Using the Emergency Severity Index in Pediatric Patients

The Emergency Severity Index Version 4* (available free for download) has a chapter, chapter 6, specifically on triage of the pediatric patient.

It turns out that 25% of all emergency department patients are pediatric patients and seriously ill pediatric patients can present with very subtle symptoms. Examples include a two week old newborn who is difficult to wake up at feeding time. Another example would be a six month old who looks “out of it” meaning he is not looking around and not interested in his surroundings.

It is critical in pediatric patients, especially newborns and infants, that they not become hypothermic. Although the doctor must examine the patient’s skin, it should be done serially, and the part examined re-covered when that part of the exam is finished. Never leave pediatric patients exposed as they can quickly become dangerously hypothermic.

The Handbook recommends a six step approach to pediatric triage and they are:

1. First, use the Pediatric Assessment Triangle from the Pediatric Advanced Life Support Course. Quickly assess the patient’s appearance (tone, interactiveness, consolability, look/gaze, and speech/cry”), work of breathing (“the nature of airway sounds, positioning, retractions, and flaring”), and circulation (“pallor, mottling, or cyanosis”).

A significant abnormality in any of the above indicates that the pediatric patient is ESI Level 1 and requires immediate treatment.

2. If the patient appears stable on the initial Pediatric Assessment Triangle, then proceed to the Airway/Breathing/Circulation/Disability/Exposure/Environmental Control (ABCDE).

This assessment must be done in order and includes assessing for airway patency, respiratory rate and quality, heart rate, skin temperature and capillary refill time, blood pressure (where clinically appropriate, such as a child with cardiac or renal disease), and an assessment for disability or neurological status. A child’s neurological status can be obtained by assessing appearance, level of consciousness, and pupillary reaction. Exposure involves undressing the patient to assess for injury or illness, …”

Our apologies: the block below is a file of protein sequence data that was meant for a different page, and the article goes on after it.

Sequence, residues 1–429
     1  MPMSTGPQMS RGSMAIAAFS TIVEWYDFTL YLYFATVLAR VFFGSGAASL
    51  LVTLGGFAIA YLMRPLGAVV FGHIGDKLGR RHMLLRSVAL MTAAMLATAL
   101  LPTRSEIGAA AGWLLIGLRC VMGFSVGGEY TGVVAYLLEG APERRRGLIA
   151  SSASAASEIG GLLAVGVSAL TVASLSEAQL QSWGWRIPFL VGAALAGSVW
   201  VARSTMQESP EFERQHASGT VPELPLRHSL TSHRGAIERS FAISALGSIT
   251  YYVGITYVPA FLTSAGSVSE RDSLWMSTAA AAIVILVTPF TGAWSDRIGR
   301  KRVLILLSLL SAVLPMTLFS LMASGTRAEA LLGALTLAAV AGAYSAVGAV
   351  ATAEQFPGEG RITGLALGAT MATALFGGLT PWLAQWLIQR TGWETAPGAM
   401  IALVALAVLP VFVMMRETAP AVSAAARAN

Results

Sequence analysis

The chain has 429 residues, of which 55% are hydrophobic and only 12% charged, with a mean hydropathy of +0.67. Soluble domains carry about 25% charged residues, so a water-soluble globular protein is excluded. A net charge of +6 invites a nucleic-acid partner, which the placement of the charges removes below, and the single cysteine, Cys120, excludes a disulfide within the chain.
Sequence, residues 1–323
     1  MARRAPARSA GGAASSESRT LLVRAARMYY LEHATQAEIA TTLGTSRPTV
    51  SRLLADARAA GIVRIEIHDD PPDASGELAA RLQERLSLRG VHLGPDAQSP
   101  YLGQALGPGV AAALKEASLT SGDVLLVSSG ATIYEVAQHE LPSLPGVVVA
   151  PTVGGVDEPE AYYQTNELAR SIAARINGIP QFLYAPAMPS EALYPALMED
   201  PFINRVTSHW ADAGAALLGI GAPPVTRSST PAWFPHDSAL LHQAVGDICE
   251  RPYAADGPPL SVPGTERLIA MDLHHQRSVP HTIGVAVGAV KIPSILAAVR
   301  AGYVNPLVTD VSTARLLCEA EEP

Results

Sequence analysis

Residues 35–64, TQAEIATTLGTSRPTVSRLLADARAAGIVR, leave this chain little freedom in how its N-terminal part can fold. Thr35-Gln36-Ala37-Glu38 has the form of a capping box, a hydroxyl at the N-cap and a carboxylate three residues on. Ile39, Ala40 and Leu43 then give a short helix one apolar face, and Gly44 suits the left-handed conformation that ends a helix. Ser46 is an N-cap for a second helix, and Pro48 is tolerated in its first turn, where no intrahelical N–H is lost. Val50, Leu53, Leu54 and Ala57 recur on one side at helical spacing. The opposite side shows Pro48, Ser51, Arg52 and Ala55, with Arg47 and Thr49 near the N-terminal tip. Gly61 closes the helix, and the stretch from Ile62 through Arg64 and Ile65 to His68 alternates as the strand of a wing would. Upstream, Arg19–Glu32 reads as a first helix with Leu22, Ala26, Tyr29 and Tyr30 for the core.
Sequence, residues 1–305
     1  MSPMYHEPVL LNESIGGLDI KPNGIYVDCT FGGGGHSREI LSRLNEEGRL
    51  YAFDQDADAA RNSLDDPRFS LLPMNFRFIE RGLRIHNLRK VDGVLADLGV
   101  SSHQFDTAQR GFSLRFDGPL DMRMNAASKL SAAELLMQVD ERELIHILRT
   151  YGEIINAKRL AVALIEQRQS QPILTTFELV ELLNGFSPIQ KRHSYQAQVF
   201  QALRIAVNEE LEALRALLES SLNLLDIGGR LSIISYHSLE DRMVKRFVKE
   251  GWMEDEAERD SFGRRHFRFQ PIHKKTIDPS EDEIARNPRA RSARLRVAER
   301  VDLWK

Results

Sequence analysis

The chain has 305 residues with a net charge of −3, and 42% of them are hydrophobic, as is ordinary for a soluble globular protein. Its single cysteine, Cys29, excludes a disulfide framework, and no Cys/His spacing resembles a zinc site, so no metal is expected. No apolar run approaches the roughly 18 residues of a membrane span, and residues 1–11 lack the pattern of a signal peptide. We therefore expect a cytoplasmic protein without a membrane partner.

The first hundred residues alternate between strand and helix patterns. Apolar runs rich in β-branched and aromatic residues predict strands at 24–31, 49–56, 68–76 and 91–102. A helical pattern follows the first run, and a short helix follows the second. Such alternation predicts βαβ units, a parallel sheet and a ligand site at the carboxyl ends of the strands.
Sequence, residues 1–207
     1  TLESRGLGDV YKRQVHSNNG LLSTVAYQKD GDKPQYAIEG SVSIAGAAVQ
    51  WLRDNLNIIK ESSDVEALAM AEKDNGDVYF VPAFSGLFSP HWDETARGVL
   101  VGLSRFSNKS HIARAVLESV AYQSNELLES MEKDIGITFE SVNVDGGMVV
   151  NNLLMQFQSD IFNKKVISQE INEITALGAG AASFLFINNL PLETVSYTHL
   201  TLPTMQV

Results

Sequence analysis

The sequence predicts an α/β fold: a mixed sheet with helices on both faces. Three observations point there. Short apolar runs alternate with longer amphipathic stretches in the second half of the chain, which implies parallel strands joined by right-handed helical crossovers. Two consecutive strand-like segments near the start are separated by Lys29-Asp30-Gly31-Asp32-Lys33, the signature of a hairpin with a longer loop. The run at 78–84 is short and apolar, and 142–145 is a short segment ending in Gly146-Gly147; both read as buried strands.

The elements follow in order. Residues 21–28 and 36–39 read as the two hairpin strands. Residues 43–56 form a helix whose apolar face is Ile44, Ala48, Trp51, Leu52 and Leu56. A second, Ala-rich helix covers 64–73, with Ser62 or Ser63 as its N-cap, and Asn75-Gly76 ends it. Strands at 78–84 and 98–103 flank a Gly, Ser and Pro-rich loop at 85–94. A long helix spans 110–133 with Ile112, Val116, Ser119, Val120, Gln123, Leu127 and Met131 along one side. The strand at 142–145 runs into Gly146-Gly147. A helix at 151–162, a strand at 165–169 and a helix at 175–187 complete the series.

3. If no high risk situations requiring immediate treatment are found above, then a brief history is taken.

One memory aid is SAMPLE (Signs and Symptoms, Allergies, Medications, Past Medical Problems, Last Food or Liquid, and Events Leading to Injury/Illness).

4. Take the vital signs. The blood pressure is measured at the triage nurse’s discretion as blood pressure is not necessary to assign an ESI level. Measurement of oxygen saturation by oximetry is needed for any pediatric patient with respiratory symptoms or with respiratory distress.

5. Take the pediatric patient’s temperature. Newborns (babies in the first 28 days of life) with a temperature of 100.4F or 38.0C or greater are assinged Level 2 because they may have a serious infection. Infants with that level of fever who are from 1 to 3 months are assigned to Level 2 based on their individual institutional policies.

6. Every pediatric patient needs an assessment of pain. There are two scales in common use, the FLACC pain scale and the FACES pain scale.

The FLACC Pain Scale is validated in patients age 2 months to seven years but is not valid for patients with developmental delay. It is available at http://www.sjhlex.org/documents/Nursing/FLACC.pdf.

A four page pediatric pain assessment tool is available from the Texas Tech University Health Sciences Center which includes the FACES Pain Scale, the Visual Analog Scale, Pain Assessment of Infants, Nonverbal Pain Assessment and is available at http://www.ttuhsc.edu/som/clinic/forms/ACForm3.02.A.pd.

*Gilboy N, Tanabe T, Travers D, Rosenau AM. Emergency Severity Index (ESI): A Triage
Tool for Emergency Department Care, Version 4. Implementation Handbook 2012 Edition.
AHRQ Publication No. 12-0014. Rockville, MD. Agency for Healthcare Research and  Quality. November 2011. available at http://www.ahrq.gov/research/esi/esihandbk.pdf

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